They came to do the hundred things that needed to be done. Later, when things calmed down, I saw on on-line fora how they were berating themselves that they didn’t do more, feeling guilty that they didn’t do enough. Jesus Christ. They fed us, watched our kids, cleaned our clothes, supplied us with pretty much everything we needed, from labour to bleach, de-moulder, and, at one point, two Bobcats (score!). The ones who couldn’t come or “do” kept the lines of communication flowing, monitoring Facebook, Twitter, texts and e-mail. I’d shout out on-line “We needed razor-blade scrapers, because that goddamn lino is not coming out!” and someone would arrive wielding one. Ditto face masks, work gloves, shovels, bleach, bleach, bleach, shop vacs, fans―everything and anything.
More? They totally and completely saved us. What more could they have done?
They even brought red wine and chocolate. (And beer. Copious amounts of beer.)
Here’s the first important take-away: I get how each individual might think she could have done more, but, see, as a community―they did everything that needed to be done. They saved us, all 41 of our flooded homes in Sunnyhill. (And then, they went on into other neighbourhoods…)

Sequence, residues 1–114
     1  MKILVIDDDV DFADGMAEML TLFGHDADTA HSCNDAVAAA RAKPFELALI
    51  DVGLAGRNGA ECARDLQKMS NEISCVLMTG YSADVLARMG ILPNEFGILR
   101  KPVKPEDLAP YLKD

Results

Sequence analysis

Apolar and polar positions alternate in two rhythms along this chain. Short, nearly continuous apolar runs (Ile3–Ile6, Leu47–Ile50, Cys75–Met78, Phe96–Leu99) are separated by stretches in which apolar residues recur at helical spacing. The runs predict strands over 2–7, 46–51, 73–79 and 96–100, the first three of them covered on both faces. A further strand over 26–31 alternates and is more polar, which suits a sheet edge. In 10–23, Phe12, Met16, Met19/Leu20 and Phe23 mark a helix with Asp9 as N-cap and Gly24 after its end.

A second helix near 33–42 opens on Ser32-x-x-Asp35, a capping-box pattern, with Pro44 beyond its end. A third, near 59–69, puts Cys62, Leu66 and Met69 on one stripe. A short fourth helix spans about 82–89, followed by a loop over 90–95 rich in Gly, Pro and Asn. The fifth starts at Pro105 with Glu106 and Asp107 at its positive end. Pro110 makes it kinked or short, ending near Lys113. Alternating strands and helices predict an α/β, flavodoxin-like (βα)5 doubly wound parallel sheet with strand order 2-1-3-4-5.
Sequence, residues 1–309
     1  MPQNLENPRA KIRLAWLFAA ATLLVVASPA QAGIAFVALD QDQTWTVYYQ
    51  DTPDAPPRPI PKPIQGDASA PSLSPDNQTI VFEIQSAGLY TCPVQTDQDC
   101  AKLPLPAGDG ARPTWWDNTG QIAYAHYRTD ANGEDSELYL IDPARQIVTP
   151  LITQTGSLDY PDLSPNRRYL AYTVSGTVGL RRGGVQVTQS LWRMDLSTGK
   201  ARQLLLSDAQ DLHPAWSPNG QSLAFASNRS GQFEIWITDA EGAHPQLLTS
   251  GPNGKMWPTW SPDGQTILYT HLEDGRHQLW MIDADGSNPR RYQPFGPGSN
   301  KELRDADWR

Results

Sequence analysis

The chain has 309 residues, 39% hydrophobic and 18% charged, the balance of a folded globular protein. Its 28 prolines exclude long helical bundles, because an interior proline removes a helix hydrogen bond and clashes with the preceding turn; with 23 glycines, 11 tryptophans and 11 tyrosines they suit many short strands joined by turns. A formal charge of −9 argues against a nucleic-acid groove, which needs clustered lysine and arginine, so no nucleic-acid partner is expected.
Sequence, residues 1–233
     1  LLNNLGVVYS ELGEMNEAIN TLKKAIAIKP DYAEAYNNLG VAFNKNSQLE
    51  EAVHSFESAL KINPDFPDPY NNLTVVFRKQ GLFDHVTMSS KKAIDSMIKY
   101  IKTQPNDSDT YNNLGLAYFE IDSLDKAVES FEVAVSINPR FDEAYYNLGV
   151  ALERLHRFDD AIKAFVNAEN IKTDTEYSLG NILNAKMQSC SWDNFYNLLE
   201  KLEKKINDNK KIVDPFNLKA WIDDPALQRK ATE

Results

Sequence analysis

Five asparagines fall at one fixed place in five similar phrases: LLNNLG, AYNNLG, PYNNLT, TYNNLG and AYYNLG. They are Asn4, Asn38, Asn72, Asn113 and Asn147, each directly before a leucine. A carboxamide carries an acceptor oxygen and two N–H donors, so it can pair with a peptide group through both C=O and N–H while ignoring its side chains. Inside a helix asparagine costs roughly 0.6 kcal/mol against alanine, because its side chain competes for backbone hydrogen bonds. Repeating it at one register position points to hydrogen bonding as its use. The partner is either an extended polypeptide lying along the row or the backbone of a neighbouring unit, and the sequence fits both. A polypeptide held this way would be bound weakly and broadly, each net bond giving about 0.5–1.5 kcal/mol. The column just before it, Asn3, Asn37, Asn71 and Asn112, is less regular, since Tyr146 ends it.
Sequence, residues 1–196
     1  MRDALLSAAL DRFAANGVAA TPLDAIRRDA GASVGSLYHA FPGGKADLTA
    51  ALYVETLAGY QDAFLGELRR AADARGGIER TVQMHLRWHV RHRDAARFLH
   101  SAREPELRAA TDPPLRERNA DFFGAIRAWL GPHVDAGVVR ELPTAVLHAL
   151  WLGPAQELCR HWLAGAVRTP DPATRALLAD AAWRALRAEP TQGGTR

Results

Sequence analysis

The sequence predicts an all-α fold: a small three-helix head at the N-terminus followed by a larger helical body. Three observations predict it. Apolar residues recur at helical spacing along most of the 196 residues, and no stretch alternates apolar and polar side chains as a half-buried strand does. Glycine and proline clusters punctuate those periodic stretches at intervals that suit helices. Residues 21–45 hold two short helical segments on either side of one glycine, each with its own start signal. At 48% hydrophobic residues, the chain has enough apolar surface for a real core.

Here’s the second important take-away: this is WHY you need to get off your shy introverted ass and start building your tribe right now. Not because I’m predicting an epic natural disaster in your future.
But life throws tough times your way all the time. New baby. Sick child. Dying parent. Paralyzing illness. Job loss. Partner loss. Immense life complications. Emotional, physical pain. Getting through any of it, all of it, alone is impossible.
Your tribe gets you through it.
And you, my cynical cyber-friend, I see you rolling your eyes, and I see you want to say, “Fuck, chick, I have friends, you have friends, friends got our backs, I know this, what snake oil do you think you’re selling?”